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The British-German fight over dismantling: The removal of industrial plants as reparations after the second world war and its political repercussions

The British-German fight over dismantling: The removal of industrial plants as reparations after the second world war and its political repercussions
Trond Ove Tollefsen

2016

Department of History and Civilization, European University Institute, I-50014 San Domenico di Fiesole (FI), ITALY.

ABSTRACT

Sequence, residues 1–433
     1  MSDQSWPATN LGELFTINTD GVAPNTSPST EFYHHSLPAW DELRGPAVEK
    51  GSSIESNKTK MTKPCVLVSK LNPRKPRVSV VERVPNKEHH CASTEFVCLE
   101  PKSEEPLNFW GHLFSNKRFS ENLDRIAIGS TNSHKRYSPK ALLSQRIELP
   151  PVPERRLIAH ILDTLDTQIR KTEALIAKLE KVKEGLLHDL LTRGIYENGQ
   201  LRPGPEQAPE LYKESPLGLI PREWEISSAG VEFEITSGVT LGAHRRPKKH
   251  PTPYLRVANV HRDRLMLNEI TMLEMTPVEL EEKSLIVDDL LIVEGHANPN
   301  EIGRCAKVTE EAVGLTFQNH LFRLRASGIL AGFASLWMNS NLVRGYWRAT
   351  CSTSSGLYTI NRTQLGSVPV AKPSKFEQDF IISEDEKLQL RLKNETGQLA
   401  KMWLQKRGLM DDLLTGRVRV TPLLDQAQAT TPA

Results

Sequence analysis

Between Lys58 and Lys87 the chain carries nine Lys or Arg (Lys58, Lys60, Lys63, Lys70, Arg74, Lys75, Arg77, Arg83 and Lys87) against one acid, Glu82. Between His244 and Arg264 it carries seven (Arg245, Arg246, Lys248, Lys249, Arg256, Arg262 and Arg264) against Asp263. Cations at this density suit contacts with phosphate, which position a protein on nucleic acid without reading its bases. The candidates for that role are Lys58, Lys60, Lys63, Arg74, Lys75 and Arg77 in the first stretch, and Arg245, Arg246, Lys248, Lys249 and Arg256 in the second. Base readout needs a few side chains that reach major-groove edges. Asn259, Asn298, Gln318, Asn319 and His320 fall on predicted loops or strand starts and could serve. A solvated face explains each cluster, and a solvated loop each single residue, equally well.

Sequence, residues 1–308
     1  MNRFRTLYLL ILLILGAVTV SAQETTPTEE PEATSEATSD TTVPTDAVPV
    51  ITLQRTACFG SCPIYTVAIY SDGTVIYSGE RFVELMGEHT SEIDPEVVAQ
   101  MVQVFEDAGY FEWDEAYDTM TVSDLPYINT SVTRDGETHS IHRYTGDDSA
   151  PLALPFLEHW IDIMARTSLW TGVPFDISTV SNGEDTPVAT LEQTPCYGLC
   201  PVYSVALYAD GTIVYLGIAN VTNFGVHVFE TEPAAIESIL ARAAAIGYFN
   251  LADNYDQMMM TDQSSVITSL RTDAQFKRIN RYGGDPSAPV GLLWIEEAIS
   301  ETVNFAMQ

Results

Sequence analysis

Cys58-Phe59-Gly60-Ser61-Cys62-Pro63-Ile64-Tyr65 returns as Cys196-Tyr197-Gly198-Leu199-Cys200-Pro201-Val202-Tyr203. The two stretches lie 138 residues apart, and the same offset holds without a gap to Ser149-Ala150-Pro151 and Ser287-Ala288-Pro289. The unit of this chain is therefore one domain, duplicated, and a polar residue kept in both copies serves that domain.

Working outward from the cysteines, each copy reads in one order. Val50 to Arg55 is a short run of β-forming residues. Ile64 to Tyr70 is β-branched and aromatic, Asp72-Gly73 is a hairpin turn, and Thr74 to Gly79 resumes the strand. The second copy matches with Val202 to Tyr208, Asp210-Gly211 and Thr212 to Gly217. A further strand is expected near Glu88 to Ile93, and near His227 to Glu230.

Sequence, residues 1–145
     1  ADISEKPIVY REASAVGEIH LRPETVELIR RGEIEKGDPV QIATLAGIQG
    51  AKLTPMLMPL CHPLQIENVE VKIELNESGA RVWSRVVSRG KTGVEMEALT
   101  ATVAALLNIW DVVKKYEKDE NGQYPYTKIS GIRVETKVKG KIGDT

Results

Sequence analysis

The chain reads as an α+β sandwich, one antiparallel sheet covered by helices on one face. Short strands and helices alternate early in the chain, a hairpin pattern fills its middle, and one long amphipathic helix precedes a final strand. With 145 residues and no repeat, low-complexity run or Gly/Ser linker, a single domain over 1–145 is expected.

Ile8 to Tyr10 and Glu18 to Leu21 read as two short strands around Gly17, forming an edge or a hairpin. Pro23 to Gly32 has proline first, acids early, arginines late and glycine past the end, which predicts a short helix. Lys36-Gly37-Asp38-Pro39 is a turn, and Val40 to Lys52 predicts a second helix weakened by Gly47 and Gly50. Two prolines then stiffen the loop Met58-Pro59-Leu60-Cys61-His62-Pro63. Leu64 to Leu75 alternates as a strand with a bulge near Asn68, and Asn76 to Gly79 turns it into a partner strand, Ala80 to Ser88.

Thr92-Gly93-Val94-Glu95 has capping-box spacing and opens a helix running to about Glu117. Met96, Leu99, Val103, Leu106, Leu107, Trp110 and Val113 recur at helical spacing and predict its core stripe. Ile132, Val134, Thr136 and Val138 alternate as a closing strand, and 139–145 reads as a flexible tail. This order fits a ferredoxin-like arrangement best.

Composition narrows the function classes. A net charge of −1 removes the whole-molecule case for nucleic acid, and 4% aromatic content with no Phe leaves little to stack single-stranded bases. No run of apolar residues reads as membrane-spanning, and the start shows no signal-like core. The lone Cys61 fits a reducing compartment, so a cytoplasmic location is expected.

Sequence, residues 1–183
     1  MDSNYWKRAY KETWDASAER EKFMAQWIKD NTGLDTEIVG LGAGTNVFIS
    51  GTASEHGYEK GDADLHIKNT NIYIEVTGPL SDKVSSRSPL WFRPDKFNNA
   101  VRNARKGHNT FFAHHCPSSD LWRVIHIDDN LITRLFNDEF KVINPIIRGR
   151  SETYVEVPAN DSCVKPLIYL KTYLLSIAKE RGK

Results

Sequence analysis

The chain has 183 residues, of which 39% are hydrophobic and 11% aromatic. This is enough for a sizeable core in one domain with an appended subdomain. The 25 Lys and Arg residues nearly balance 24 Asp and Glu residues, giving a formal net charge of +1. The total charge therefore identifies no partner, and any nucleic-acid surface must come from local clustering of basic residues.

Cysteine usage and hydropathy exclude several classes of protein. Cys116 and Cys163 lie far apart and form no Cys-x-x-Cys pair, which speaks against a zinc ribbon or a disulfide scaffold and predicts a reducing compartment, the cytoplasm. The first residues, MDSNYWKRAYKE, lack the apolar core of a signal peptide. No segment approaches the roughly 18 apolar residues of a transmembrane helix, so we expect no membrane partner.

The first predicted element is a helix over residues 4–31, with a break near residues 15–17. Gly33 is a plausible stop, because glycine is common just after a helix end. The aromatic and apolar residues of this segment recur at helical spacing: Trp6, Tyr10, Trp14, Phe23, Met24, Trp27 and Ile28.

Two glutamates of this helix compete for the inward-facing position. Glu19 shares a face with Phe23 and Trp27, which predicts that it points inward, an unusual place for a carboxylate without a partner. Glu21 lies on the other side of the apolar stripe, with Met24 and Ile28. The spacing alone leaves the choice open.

The programme of dismantling German factories for reparations caused the biggest crisis in the relationship between British and the Germans during the apost-Second World War occupation years. By 1949, the peak year for dismantling in the British Zone, the Germans were convinced that the British, alone among the Allies, were pushing for continued dismantling, and that they were doing so for purely commercial reasons. The dismantling campaign has been almost exclusively by economic historian, with the consensus being that its effect was limited. This raises the question of why it turned into such a bitter political conflict. My thesis explores the dismantling programme from this angle. I show that the renewed dismantling programme from 1947 onwards caused rifts inwards in the British occupation apparatus, as the punitive aspects of the dismantling campaign and the strong German reaction against it started threatening what the British saw as their positive mission in Germany, re-educating the Germans. It caused a rift between the Allies, as the US Congress started a massive campaign to end dismantling in connection with the Marshall Aid, and with the French vacillating between ending and continuing dismantling. In Germany itself, the dismantling programme became an issue where the political parties, industry groups and labour unions sought to exploit the groundswell of popular discontent against dismantling for their own, wider political goals, often with a troublesome nationalistic rhetoric. Dismantling as a major political issue ended with the Petersberg agreement in November 1949. By this time the conflict over dismantling had festered for so long that it was relatively easy for the Adenauer government to sideline the British and focus their attentions on rapprochement with France and European economic integration. The most original part of the research focuses on how British debates on whether to proceed or end dismantling, and how British dismantling policies were shaped by other occupation goals focused on a particular British conception of power. The British increasingly saw dismantling as influencing British prestige, meant to compensate for lagging relative power. I define what the British meant by their prestige in this question, its imperial origins and how it failed.